I didn't look inside.

I don’t think Tom Brokaw meant to tick off other generations when he dubbed a very tiny segment of Americans “The Greatest Generation,” but he sure got my dander up. Yes, the brave men and women who eagerly participated in WWII deserve recognition for their sacrifices. But elevating them to the Greatest Generation means what? That all the rest of us are mediocre, even if we’ve done eager and brave things? I don’t think that’s fair. Every generation has had its challenges and its triumphs. Is fighting Hitler greater than fighting for civil rights?

I haven’t read Brokaw’s book because:

  1. I’m a woman.
  2. I’m not turned on by war–past, present, or future.
  3. I resent Mr. Brokaw for his omniscience and cock-surety that one generation (that he made up) is the greatest one of all. I mean, he’s a news personality, not Nostradamus.

Social scientists who study generations a bit more objectively than I do, tell us that generations only got named when the Baby-Boomers came along. Take that, Tom! Every other generation is defined by when they arrived: before or after the Baby-Boomers. Keep in mind these social scientists disagree about a lot of things–dates and names being two of those things–so these are approximations:

  1. The Silent Generation (1925-1945)–who mostly had hangovers from the Roaring ’20s and were too poor and depressed from the Great Depression to be chatty, except for Mickey Rooney in the movies.
  2. The Baby-Boomers (1946-1964)–my generation–one massive population explosion that’s been shaping the culture since we popped out of our Silent Mom’s poor and tired wombs. We’re often thought of as the “Me Generation” and responsible for both shaping and ruining the future–but we did it bravely, eagerly and for us.
  3.  Generation X (1965-1980)–a mysterious, but thankfully, smaller bunch who are often seen as the “What About Me? Generation.” They seem pretty lost in the shadow of us Baby-Boomers and wonder if they’ll live to collect Social Security.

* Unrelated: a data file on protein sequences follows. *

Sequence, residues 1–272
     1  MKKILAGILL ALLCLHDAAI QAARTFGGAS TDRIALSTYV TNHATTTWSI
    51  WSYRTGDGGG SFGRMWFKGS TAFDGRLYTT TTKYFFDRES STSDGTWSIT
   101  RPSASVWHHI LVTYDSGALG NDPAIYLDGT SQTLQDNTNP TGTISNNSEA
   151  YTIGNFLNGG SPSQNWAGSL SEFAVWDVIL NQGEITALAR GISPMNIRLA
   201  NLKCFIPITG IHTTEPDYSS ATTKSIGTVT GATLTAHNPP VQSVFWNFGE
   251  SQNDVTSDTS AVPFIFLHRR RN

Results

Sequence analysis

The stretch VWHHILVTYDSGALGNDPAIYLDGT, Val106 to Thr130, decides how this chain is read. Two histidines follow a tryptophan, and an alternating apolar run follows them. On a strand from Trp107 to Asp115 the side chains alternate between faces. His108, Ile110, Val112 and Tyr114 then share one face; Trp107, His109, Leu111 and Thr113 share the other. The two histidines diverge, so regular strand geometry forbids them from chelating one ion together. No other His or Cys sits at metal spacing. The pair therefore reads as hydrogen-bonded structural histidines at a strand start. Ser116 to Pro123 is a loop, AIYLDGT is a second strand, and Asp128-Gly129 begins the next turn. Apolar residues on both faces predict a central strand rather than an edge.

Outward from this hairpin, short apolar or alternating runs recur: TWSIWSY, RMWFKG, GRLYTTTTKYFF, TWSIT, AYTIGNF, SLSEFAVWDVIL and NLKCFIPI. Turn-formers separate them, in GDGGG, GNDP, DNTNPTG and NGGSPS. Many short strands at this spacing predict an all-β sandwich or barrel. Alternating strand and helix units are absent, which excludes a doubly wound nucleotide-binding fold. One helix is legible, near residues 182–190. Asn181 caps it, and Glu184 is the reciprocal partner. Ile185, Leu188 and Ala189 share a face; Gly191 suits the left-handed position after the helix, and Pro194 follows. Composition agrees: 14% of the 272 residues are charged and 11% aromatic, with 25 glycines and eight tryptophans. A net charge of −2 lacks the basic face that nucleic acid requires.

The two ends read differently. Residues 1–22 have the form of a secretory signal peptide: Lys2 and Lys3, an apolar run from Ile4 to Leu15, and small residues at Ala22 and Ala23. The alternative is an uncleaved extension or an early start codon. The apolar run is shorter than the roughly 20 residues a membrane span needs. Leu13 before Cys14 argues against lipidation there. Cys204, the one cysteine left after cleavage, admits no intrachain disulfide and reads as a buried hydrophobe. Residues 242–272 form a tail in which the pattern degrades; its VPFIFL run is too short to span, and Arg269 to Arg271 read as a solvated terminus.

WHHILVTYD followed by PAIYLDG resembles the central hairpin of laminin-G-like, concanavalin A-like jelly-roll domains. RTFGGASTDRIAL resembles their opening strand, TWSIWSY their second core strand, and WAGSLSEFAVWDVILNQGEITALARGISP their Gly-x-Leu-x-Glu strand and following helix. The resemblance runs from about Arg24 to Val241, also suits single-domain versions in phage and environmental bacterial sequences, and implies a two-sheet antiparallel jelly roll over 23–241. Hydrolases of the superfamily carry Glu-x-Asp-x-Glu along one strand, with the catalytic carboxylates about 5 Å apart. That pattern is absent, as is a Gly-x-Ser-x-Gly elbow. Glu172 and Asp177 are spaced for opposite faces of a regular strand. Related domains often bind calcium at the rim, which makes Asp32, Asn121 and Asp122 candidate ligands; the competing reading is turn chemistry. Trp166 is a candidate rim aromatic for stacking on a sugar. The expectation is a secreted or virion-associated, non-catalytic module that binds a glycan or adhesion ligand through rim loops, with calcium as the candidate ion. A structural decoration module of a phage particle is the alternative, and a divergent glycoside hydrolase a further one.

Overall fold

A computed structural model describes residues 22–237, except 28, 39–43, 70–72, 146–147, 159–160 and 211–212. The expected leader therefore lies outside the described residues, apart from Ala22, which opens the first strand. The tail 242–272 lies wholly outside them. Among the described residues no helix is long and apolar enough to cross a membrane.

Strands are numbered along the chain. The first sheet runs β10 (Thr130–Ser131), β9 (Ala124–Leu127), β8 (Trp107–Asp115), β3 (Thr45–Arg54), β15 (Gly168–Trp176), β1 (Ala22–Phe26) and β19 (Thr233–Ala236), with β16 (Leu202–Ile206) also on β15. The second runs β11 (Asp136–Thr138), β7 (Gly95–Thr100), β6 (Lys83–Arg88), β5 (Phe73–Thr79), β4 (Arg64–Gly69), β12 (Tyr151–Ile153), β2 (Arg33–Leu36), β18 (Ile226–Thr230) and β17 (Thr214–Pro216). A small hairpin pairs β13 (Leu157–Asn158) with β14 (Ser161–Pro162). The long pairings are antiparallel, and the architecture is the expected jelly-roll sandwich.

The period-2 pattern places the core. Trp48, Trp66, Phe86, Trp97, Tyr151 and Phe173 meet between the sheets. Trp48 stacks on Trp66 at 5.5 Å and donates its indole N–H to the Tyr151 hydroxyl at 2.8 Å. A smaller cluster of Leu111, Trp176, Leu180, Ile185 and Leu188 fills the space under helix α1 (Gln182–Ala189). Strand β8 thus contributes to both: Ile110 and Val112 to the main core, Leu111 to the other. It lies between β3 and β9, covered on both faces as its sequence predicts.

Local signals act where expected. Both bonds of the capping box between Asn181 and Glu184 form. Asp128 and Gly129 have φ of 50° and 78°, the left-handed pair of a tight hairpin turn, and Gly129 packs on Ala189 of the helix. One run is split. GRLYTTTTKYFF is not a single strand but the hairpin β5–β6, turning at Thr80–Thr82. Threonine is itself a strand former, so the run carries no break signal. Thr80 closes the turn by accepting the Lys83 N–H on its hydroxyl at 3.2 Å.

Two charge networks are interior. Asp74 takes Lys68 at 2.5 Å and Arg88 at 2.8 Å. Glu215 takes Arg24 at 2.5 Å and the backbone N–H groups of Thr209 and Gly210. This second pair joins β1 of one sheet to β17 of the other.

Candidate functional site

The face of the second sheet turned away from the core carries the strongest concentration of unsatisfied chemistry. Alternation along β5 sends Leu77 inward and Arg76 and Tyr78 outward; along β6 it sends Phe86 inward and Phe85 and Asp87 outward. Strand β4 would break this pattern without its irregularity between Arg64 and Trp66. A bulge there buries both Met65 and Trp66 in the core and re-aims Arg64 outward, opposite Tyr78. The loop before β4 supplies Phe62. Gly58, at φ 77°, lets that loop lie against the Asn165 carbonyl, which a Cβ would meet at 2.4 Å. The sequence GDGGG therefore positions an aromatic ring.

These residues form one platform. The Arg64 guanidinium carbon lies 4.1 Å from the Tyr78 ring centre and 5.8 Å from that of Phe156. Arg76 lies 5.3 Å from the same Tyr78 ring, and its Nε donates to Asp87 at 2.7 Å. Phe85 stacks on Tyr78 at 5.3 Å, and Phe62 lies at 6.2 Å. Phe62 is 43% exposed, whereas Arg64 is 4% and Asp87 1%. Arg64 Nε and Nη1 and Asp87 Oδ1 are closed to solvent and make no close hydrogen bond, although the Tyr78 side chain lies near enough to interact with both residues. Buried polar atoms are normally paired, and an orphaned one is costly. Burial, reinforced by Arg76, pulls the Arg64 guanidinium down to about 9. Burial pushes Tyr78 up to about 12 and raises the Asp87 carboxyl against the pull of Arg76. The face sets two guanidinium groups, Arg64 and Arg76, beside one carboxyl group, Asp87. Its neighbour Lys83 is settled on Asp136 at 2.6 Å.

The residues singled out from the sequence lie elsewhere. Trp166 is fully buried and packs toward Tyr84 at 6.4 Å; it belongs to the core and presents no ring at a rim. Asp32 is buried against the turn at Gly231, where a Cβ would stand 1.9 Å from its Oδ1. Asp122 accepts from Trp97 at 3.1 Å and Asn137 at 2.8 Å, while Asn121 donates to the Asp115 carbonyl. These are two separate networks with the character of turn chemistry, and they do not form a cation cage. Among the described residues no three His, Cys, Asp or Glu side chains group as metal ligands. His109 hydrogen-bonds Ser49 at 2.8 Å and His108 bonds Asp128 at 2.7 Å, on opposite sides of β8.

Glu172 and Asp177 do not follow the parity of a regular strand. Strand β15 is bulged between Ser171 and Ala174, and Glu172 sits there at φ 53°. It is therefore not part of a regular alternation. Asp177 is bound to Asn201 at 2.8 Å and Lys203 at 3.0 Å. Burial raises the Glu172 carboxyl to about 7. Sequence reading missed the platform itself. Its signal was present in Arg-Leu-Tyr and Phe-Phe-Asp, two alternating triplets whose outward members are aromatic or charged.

4. Generation Y (1981-1994)–this bunch was brought up on the Internet. They’re live-in-the-moment types–figuring someone/something will solve all their eventual problems. Being their parents, we don’t understand them. We just give them lots of stuff in the hopes that everyone makes it through the day unscathed.
  5. Generation Z (1995-?)–I’m worried about these young-uns. They’re at the end of the alphabet, and that’s not a good sign for future generations being around to taunt this group’s music and fashion when they get older. They’re today’s teens–brought up with terrorism and bioengineered food. What must they think of their world? When I was their age, my worries concerned where I could find the right colored tube top to go with my bell-bottom jeans.

Tom created his “Greatest Generation” from the subset of people who were part of the WWII war effort (the Silent Generation). He cites people like JFK, Walter Cronkite, Joe DiMaggio, Charles Shultz, a whole bunch of war heroes I never heard of, and Ronald Reagan as examples of the greatness that came from that era. I’m assuming he doesn’t mention Dick Cheney, Bernie Madoff, or John Gotti.

What about Barak Obama, Bill Gates, Princess Diana, or John Lennon? They all made their mark on the world. Are/Were they great?

  • Who are some of the great people in your generation?
  • Who gets to decide which generation is the greatest?
  • Is anyone else miffed at Tom Brokaw for this or any other reason?